Grace on Concrete

There’s always a scrap or two taking place at break-time; I’m sure it’s one of hundreds if not thousands of schools where little fights between nine and ten-year olds break out amongst classmates. Sometimes it’s tough to keep up with the latest ongoing kerfuffle; are they playfighting or do I need to get myself over there sharpish and break it up…? The latter, obviously, must be done, if in any doubt whatsoever.

On this particularly chilly Wednesday morning though, there wasn’t a shadow of a doubt; the big lad (who we’ll call Kyle) was raging, blood boiling. The significantly smaller fella he was chasing, Max, let’s say, literally looked as though he was running for his life: fear, dread, a genuine ‘will-somebody-please-save-my-neck-here’ look. No other teachers were around, I had to step in.

No sooner had I stood in front of a vengeful looking Kyle, attempting to calm him down verbally before being forced to do so physically, had his encouraging mate, his anchor man, the Crabbe or Goyle to Kyle’s Draco Malfoy, valiantly (or maybe that should read stupidly, or disrespectfully) stepped in front of him to face me. Then, the words that would stick in my over-sensitive soul for way too long came out of his mouth forcefully, and with spite.

“You’re not even a real teacher – get away!”

For much of the remainder of the day, I imagined a scenario involving the lad who aimed the deadly dialogue right in my face to be in Max’s ‘save-my-soul’ position the very next day, begging me for help, only for me to shrug my shoulders nonchalantly and arrogantly, and to remind him that ‘I’m not a real teacher, I can’t help you.’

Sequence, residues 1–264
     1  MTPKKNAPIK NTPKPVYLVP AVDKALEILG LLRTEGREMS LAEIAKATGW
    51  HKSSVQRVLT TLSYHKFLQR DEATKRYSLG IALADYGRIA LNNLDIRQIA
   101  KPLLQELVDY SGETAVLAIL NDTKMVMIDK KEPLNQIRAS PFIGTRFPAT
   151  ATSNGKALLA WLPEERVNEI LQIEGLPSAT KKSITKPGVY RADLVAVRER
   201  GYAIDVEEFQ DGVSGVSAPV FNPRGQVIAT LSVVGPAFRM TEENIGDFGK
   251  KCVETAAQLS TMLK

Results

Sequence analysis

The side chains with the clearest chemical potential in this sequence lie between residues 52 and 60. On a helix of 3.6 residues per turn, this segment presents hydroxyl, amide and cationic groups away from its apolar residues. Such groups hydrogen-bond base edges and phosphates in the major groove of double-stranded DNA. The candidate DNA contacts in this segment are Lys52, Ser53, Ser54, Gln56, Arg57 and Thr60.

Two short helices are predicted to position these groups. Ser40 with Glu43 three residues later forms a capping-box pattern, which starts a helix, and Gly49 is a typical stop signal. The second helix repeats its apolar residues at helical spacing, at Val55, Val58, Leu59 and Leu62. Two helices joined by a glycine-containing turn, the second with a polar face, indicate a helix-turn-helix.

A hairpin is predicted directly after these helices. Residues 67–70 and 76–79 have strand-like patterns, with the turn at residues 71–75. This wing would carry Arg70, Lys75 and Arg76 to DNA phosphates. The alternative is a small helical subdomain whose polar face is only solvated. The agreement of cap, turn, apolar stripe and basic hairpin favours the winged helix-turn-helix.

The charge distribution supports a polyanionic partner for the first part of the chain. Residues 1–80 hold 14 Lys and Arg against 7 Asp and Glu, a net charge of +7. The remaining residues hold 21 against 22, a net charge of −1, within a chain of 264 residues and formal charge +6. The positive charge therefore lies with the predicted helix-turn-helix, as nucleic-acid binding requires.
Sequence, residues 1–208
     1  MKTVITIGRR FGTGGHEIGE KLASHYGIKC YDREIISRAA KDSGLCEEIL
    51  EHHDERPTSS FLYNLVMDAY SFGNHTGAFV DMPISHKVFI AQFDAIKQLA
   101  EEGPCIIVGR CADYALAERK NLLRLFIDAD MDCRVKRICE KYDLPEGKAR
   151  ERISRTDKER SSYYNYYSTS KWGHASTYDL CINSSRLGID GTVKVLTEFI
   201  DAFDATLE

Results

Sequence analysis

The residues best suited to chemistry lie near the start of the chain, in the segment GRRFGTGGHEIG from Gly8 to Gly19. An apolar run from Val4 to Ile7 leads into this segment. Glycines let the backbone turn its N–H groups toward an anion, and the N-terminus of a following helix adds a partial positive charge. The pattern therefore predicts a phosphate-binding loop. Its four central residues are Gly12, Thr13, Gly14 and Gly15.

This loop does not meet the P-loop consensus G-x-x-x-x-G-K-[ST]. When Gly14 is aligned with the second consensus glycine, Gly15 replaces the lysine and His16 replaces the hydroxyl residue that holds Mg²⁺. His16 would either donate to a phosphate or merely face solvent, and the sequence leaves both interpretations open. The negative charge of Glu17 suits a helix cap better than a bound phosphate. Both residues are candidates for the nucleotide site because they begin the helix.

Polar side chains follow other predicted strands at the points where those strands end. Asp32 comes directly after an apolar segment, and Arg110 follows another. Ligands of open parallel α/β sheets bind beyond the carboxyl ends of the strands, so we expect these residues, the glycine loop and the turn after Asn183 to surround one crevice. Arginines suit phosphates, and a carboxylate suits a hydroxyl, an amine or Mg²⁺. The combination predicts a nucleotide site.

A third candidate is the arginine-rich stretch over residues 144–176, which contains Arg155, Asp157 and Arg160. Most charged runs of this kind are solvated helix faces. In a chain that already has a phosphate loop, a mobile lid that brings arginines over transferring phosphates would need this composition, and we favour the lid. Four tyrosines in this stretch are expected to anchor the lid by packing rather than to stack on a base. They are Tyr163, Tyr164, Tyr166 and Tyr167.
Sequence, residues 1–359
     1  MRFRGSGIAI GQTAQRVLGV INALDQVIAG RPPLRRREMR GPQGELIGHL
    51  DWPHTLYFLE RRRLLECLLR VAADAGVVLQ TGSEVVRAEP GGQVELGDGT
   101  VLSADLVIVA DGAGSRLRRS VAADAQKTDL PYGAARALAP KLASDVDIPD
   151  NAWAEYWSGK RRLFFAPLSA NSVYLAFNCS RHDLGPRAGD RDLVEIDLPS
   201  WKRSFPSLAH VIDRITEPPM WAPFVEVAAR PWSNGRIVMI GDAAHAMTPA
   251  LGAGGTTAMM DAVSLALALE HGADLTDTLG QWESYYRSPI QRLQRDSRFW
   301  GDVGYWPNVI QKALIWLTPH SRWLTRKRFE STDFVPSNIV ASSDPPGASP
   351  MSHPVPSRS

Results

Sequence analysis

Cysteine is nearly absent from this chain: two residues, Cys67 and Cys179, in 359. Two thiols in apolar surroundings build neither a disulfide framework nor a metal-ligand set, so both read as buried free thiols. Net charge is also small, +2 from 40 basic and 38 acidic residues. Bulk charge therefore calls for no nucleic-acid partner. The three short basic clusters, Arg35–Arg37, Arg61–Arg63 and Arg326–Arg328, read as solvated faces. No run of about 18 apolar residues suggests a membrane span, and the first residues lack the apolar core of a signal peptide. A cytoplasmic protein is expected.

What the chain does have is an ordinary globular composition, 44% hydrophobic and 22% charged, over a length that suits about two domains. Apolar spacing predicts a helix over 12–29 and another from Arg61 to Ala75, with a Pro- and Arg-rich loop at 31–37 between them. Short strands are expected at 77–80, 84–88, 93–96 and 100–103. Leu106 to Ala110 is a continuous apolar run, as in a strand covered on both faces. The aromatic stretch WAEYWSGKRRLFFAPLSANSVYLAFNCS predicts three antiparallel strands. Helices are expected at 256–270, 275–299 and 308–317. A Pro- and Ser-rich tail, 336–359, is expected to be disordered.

Just one of many, many occasions when I need to ask myself ‘What Would Jesus Do?’, realise that he’d laugh off a comment from a boy who probably forgot what he had even said to me five minutes after doing so, even if I couldn’t, forgive him, do my very best to get along with him, love him and do the very best I could for him whilst working in that school.

The same way God forgives me when I don’t deserve it.

Hebrews 12:15 says: ‘See to it that no-one fails to obtain the grace of God; that no “root of bitterness” springs up and causes trouble, and by it many become defiled.’

What a wonderful, incomprehensible, unfathomable, beautiful, undeserving but eternal and overwhelmingly quality of our Great God. Amazing grace indeed.